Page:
The information received from the Observer Posts was sent to their Observer Corp Centre. These centres were responsible for and controlled between 30 and 40 Observation Posts, each of which would be some 15 to 20 miles apart (24-32km) .
In the East Yorkshire area (of the York Sector) there were 38 such sites.
The map shows the 'Yorkshire' area divided into three parts. The Leeds Sector (8 Group), the Catterick Sector (9 Group) and the York Sector (10 Group). The Observer Corp Centre for York Sector (10 Group) was located behind the Lendal Street Post Office in a former sorting shed.
Each Centre had a variety of displays which gave the fullest picture possible of activity in their area.
(photo credit: Imperial War Museum)
On the balcony overlooking the plotting table are "Tellers". Their job was to view the overall situation and pass this information to neighbouring ROC Centres and Fighter Command Sector controls (with onwards transmission to Fighter Command HQ).
Fighter Command Headquarters:
This was based at RAF Bentley Priory near Stanmore in Middlesex.
Information on incoming German attacks received from the Royal Observer Corps and radar stations was sent to Bentley Priory. The commanders there decided which fighter Sector Stations should be alerted and where air raid warnings should be sounded.
In 1941 efforts were made to try and reduce the number of false alerts ordered. The Fighter Command staff felt their responsibilities most keenly and were very conscious of trying to make the correct decision. In the end however, it was decided to leave the system as it was.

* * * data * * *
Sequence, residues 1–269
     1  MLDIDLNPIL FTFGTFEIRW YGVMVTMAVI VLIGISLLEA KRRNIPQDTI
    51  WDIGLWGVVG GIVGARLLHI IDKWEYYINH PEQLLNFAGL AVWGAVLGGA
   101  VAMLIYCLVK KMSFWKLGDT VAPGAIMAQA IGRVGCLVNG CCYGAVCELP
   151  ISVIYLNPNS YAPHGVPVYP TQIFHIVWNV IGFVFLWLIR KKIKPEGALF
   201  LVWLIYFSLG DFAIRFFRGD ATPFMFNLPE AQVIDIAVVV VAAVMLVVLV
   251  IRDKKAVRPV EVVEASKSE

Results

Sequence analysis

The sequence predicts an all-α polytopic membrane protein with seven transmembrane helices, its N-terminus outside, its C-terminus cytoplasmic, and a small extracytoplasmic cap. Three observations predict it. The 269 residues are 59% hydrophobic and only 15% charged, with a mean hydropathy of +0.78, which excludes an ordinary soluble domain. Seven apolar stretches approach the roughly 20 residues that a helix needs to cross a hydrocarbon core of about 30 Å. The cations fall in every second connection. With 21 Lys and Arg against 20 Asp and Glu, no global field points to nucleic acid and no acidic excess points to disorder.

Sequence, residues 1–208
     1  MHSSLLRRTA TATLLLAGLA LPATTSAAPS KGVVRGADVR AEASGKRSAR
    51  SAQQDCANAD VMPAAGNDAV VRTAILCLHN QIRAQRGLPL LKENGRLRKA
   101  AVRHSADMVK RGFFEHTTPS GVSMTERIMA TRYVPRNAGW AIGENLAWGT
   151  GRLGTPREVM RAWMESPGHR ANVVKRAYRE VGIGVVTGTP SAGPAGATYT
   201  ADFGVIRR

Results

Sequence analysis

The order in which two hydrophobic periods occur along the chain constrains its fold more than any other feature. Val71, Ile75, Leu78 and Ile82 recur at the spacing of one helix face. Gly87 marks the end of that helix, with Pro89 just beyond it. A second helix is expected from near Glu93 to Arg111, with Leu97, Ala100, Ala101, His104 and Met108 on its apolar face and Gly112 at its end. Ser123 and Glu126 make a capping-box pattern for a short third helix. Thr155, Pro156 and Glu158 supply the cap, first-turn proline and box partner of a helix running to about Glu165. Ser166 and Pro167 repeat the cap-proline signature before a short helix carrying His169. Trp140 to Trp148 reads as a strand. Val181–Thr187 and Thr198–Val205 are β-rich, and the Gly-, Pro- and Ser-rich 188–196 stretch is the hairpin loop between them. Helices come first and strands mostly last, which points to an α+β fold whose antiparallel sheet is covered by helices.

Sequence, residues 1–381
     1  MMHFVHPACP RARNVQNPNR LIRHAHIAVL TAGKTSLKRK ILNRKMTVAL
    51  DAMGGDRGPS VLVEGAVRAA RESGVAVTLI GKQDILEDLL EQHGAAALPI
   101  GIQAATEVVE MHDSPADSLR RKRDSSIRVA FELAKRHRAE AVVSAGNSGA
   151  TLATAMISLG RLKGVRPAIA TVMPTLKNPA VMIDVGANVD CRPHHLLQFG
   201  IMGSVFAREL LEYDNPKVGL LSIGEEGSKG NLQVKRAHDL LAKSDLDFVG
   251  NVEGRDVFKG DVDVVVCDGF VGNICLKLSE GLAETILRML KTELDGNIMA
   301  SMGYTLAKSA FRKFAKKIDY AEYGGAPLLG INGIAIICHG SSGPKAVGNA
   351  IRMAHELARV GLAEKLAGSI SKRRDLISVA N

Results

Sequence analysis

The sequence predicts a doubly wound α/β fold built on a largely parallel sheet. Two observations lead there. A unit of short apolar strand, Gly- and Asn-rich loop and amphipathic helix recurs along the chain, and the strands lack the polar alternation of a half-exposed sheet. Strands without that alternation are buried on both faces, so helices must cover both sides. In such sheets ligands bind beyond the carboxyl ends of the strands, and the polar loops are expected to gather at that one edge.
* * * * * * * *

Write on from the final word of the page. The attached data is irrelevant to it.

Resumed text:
Click this link to read a letter from Sir Hugh Dowding.
The main Fighter Command Operations room at Bentley Priory. Controllers monitor the plotting table (updated by WAAFs) showing the progress of raids. This large horizontal map also showed the boundaries of the "Warning Districts".
(photo credit: Imperial War Museum)
All Air Raid Warnings were issued by this Operations Room.
The Air Raid Warning System:
By September 1940 the country was divided into 119 Warning Districts. These districts were based on "Telephone Areas" and cut across county boundaries.
Each "Warning District" compiled a "Warning List". These contained the telephone numbers of organisations who were to receive air-raid warnings. A warning passed through a lengthy chain from Bentley Priory to the individual recipients. Once the message, sent using dedicated lines, reached the Main Distributing Centres (MDC) in London, Liverpool or Glasgow, the entire warning chain was in the hands of GPO telephone operators.
The GPO MDC in London (photo credit: unknown)
The London exchange was responsible for passing on warnings to 60 districts, Liverpool to 39 districts and Glasgow to the remaining 20 districts (the numbers vary slightly from report to report).
The warnings districts for England and Wales......click the link to view the Scottish districts.
Image copyright of the National Archives.
All organisations on the Warning Lists needed to answer their telephones within 15 seconds and to identify themselves immediately. Failure to do this was a serious offence, with immediate visits from the police and the threat of legal action.
Certain organisations on the Warning List were permitted to pass on 'caution' and 'all clear' messages to other locations using their own communication methods.
This message was only a preliminary warning and was confidential. It was not to be passed on from one warning district to another nor to be conveyed to the public.
This message is passed by telephone to certain authorities on the Warning List, who will sound the Air Raid Warning sirens.
This message was confidential. It was to be passed on only to those who received the CAUTION and WARNING messages.
A WW2 siren mounted in a strategic location (photo credit: Merton Memories)